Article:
The goal of the study was to determine the safety and efficacy of EDTA chelation therapy for treating coronary heart disease. TACT was designed to see whether EDTA chelation therapy and/or high-dose vitamin/mineral supplements are safe and effective in treating individuals with prior heart attacks. Specifically, they sought to determine if EDTA chelation and/or high-dose vitamin supplements improved event-free survival (length of time without a cardiovascular event, such as a heart attack) in participants who were also treated with the gold standard approach (traditional coronary heart disease care) for their cardiovascular disease.
What were the key results of the study?
TACT provides evidence that a regimen of 40 infusions of disodium EDTA modestly reduced the risk of some cardiac events in adults who had previously had a heart attack. This treatment effect lasted over the 5-year follow-up period.
Overall, those receiving chelation had an 18% reduced risk of subsequent cardiac events such as heart attack, stroke, hospitalization for angina, or coronary revascularization. A cardiac event occurred in 222 (26%) of the chelation group and 261 (30%) of the placebo group.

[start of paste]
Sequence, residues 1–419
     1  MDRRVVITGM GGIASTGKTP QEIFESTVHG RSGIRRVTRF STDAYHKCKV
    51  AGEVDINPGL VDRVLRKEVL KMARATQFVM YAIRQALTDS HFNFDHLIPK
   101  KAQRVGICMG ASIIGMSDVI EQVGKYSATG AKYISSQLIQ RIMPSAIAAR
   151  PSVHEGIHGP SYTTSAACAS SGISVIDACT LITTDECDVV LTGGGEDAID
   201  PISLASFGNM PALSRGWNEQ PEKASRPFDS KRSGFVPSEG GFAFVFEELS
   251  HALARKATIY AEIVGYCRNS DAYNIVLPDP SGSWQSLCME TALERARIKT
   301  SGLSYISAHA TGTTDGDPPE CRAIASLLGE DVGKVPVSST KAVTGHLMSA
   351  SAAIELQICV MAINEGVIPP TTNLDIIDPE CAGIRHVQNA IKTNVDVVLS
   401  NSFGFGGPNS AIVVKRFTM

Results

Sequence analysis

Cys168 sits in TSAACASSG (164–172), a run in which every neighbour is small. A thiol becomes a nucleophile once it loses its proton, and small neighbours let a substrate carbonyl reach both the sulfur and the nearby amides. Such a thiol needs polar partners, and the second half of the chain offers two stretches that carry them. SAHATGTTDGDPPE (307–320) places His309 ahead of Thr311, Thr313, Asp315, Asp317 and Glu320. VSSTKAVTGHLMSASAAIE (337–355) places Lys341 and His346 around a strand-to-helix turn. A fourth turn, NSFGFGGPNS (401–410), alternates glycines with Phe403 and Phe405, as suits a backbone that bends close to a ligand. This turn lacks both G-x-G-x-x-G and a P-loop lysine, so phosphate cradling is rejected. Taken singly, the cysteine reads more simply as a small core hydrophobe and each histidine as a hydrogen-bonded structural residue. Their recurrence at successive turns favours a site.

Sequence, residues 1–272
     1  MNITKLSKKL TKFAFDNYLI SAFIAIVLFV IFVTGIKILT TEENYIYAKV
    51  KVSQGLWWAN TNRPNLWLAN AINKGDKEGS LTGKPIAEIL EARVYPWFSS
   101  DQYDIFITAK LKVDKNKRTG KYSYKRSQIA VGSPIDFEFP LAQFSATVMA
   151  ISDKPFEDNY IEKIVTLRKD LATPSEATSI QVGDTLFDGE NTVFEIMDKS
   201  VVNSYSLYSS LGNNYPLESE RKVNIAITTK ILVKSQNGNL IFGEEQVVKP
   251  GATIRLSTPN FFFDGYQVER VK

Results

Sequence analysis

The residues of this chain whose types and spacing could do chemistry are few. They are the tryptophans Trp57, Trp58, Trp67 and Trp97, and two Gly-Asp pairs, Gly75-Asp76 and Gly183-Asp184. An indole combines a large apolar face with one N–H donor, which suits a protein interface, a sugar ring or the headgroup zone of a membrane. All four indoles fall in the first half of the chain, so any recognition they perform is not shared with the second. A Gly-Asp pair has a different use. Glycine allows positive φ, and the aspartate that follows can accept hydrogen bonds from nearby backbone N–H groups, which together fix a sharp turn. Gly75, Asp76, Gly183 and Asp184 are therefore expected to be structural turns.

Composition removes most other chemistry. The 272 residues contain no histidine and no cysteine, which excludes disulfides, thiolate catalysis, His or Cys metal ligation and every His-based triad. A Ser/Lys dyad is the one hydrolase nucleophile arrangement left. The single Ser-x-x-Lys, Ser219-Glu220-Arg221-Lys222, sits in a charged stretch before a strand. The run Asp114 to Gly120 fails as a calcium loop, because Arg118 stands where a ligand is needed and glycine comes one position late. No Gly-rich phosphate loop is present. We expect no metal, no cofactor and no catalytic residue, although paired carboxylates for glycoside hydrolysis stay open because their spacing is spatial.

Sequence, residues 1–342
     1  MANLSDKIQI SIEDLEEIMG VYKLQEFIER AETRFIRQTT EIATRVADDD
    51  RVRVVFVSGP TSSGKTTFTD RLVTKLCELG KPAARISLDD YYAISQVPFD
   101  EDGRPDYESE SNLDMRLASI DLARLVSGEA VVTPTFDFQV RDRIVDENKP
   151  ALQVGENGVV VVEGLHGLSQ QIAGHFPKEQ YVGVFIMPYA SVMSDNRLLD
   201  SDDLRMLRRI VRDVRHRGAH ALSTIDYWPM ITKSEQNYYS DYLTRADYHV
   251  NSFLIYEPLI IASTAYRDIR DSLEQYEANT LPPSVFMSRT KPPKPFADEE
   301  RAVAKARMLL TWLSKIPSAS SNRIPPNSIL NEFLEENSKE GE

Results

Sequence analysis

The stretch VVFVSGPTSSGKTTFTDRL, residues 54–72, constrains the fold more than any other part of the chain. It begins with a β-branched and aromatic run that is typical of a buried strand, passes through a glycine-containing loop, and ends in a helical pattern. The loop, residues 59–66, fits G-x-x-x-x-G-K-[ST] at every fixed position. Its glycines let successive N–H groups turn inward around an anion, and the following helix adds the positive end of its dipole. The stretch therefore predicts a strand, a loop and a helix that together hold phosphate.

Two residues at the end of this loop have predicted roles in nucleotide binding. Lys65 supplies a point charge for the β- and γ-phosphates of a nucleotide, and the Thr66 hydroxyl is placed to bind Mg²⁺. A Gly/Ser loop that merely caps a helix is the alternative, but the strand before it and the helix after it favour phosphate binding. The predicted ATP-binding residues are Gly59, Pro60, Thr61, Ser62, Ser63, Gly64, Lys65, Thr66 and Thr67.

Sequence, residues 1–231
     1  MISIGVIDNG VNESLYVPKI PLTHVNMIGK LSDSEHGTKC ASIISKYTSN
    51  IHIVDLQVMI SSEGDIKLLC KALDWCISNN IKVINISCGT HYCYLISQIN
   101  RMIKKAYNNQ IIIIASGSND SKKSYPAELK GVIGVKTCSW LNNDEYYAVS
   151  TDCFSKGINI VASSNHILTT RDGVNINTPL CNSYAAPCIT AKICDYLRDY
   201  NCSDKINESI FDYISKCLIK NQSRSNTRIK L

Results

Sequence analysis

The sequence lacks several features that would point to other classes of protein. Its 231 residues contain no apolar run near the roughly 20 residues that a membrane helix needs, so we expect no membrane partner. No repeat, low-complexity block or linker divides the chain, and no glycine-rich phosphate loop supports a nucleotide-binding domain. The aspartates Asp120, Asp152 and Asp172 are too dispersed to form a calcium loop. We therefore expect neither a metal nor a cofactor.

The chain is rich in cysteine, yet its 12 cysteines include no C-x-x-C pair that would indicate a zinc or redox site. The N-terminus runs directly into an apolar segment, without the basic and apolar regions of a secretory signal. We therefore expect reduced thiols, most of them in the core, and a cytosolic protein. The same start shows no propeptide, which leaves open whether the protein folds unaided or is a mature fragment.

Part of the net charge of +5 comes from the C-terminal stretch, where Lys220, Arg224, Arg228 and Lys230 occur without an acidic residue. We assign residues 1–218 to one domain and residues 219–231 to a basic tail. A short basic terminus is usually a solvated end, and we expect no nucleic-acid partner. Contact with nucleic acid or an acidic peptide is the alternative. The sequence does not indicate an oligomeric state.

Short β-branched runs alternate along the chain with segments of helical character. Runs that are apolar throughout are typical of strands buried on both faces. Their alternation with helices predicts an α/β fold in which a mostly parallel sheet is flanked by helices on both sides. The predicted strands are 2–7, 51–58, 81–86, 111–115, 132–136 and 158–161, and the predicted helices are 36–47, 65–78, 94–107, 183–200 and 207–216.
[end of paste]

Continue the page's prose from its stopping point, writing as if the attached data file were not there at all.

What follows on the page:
These results are not, by themselves, sufficient to support the routine use of chelation as post-heart attack therapy.
The researchers compared the results for people who did or did not have diabetes. People with diabetes made up 37% of the total group. The researchers found that:
Among patients with diabetes, those receiving chelation had a lower risk of cardiovascular events such as heart attack, stroke, hospitalization for angina, or coronary revascularization.
Events occurred in 25% of the patients with diabetes who received EDTA chelation and in 38% of those who received placebo. Death from any cause was 43% lower in those patients with diabetes who received chelation.
Among patients who did not have diabetes, chelation therapy was not associated with a reduction in cardiovascular events. These results are not, by themselves, sufficient to support the routine use of chelation as post-heart attack therapy in people with diabetes.
“Because of the generic nature of this intervention, there is absolutely no pharmaceutical company interest in this therapy, so all of us await NIH initiatives”
In the conclusion of the research paper cited above (1) the investigators lead by Gervasio A. Lamas, MD commented on these results:
“At present, the unique nature of these findings demands follow-up research to replicate findings and understand mechanisms. . . Because of the generic nature of this intervention, there is absolutely no pharmaceutical company interest in this therapy, so all of us await NIH initiatives. Still, the magnitude of benefit was such that it suggests urgency in replication and implementation, which should, due the excellent safety record, occur simultaneously.”